I'm besotted with my Maslin pot. This one is heavy stainless steel, has a bowed-out lip for pouring, a wonderful bail which stops short of the rim so it stays cooler than the pot for easy handling, and inside is a pint-marker for the contents, so you can be sure you have enough jars on the boil to house the fruits of your labour.

[ritual tasting of the product on the pan before washing, this is now pleasantly spiky, actually, but I still wouldn't call it hot. Now about 10 minutes after tasting, that bracing pepper icy-hotness is lingering on my tongue, but this would never break me out into a sweat as a properly hot pepper can do. Or maybe these peppers weren't that hot? Or maybe my hot-taster is throwed off? Anyway, I may be questioning the wisdom of making the mild version of this at all-- I thought this version would light my own fire, but it was not at all like licking a nettle. Hmmm... maybe over some ice cream???]


There we have about 4 pints put by for lessening the odiousness of turkey-sandwiches to come. (There were two more pints going through the water bath as this photo was taken.) Sweet!
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Sunday, December 26, 2010
Sunday, Puppy Sunday: Christmas at Gramma & Grampa's
Teh puppehs had a grand holiday at the grandfolks' house this year. They were very nervous for the three hour drive down, but that anxiety quickly melted away when they discovered that here was a place where lots of folks would give treats to poor, starving pups.





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Saturday, December 25, 2010
Gaudete


Merry Christmas.

All my thanks to the ever tasteful Vinogirl for introducing me to this track from Steeleye Span.
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Friday, December 24, 2010
Christmas Piano by Boyce Hawkins
Christmas Piano by Boyce Hawkins


ha ha ha ha ha ha ha ha!!!

A musical interlude for Christmas - scrolly-scrolly/clicky-clicky to hear some delightfully discordant tones in all-too-familiar and all-too-often-played Christmas music. Most refreshing, indeed.

Enjoy!
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Lookie what I found! Mr. Q Cumber
I woulda never thunk it,


but a little bottle of carbonated cucumber soda was just the tonic in the middle of Christmas shopping. It was sweet and fresh and different. I don't normally drink soft drinks, but I may add this as an occasional player in the beverage rotation. Yum!


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Thursday, December 23, 2010
Praline, Praline: sweet and nutty.




You can't imagine how impossibly sweet Miss Praline is.


She's a classic Jack Russell Terrorist which means she is Deathbringer for squirrelses and sockses, but even more than that she loves to cuddle with a reading or napping person. She is smart and attentive and wants very much to please. Sometimes I think she is looking to me with earnest, wanting desperately to convey some deep, important thought(feed me!), but then I remember that she more likely has that Indian head test pattern on permanent loop in her brainpan. The first time he saw her, Himself picked her up as she wiggled with all her might and he said "she's like a salmon on meth!" An apt description. When I come home from work, she wags so ferociously that it looks like she has a dozen hinges in her spine. How can you not smile every day with an exuberant creature like that around? I smile a lot.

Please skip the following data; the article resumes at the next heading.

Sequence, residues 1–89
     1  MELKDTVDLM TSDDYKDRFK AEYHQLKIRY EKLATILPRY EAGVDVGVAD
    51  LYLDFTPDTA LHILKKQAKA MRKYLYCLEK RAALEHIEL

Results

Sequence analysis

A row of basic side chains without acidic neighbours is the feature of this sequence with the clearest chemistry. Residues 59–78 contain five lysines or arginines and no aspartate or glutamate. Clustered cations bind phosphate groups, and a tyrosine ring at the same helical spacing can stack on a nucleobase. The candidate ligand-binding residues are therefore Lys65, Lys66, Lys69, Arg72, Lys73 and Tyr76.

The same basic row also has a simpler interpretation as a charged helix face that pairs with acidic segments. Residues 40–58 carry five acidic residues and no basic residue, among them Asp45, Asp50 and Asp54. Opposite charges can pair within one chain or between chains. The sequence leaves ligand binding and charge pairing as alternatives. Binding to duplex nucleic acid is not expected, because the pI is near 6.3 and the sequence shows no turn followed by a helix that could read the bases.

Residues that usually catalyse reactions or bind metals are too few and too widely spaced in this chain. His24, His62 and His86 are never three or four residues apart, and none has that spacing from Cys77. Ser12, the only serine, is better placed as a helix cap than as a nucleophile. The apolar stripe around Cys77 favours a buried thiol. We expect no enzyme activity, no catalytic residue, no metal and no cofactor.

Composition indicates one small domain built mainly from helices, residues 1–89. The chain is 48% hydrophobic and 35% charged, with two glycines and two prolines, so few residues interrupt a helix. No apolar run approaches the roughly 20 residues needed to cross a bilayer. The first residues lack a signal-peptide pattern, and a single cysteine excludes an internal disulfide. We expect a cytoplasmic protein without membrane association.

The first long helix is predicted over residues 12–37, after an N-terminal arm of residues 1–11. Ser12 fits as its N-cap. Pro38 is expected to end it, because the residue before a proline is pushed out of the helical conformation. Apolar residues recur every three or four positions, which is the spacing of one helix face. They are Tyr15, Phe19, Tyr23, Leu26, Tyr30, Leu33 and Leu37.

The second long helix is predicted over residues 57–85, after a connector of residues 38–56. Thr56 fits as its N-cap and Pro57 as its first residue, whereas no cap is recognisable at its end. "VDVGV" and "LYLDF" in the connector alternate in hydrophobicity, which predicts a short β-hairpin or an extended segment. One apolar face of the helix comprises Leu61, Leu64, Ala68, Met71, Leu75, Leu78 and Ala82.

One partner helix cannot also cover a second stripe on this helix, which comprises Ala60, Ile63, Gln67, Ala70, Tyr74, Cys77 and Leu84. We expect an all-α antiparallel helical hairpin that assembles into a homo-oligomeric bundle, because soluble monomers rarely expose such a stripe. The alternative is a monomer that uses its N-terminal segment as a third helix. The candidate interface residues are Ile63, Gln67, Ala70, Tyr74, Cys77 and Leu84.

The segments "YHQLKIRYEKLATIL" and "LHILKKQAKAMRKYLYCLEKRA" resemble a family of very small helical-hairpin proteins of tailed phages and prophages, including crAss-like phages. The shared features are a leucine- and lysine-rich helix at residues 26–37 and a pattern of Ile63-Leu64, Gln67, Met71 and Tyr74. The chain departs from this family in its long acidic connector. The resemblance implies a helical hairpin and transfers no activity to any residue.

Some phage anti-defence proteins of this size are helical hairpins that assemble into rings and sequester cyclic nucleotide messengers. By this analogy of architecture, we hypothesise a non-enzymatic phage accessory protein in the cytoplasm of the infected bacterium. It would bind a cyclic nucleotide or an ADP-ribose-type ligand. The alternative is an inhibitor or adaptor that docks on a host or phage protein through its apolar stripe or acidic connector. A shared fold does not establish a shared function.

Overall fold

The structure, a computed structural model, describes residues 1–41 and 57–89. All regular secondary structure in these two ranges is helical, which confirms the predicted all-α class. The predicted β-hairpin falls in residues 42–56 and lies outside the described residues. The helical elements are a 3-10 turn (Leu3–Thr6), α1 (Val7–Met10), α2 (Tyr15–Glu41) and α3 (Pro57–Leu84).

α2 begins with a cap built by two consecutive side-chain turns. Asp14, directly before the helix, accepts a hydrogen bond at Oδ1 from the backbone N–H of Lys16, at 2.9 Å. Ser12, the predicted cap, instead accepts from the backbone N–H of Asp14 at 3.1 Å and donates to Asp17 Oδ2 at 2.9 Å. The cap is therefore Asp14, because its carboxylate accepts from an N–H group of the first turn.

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Wednesday, December 22, 2010
Want. One. The Washlet by Toto
I always went to a sushi bar in Dallas that had a high-tech terlit seat that had instructions in kanji/katakana/hiragana, and the little figures on the push-buttons had been worn out. I never tried to push them, because it struck me as grody to push a button where someone may have pushed it after messing with their fiddly bits.

*ahem*

Anyway, I'm not wishing I'd tried it then and I'm not saying my butt is dirty or that I'd find any pervy pleasure out of having one, but I'll tell you one thing: if Ed McMahon ever comes a'knockin', the very first thing I'll do is grab my bonnet and right right out and pick me up one of those Toto Washlets.

It's funny the way a lot of folks think Americans are obsessed with their own nethers, but I think we're not a stitch on Japanese.
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Tuesday, December 21, 2010
Fly Klutz.
A klutzy fly interrupts a high-speed camera filming and manages to look like it has 6 left feet. Putz. Haw haw haw!



*smack!* *bounce!*

He was super-mad when all the larvae were jeering "what a douche!"
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Monday, December 20, 2010
I know this is sick, but...
...this makes me giggle:

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Jingle Bells!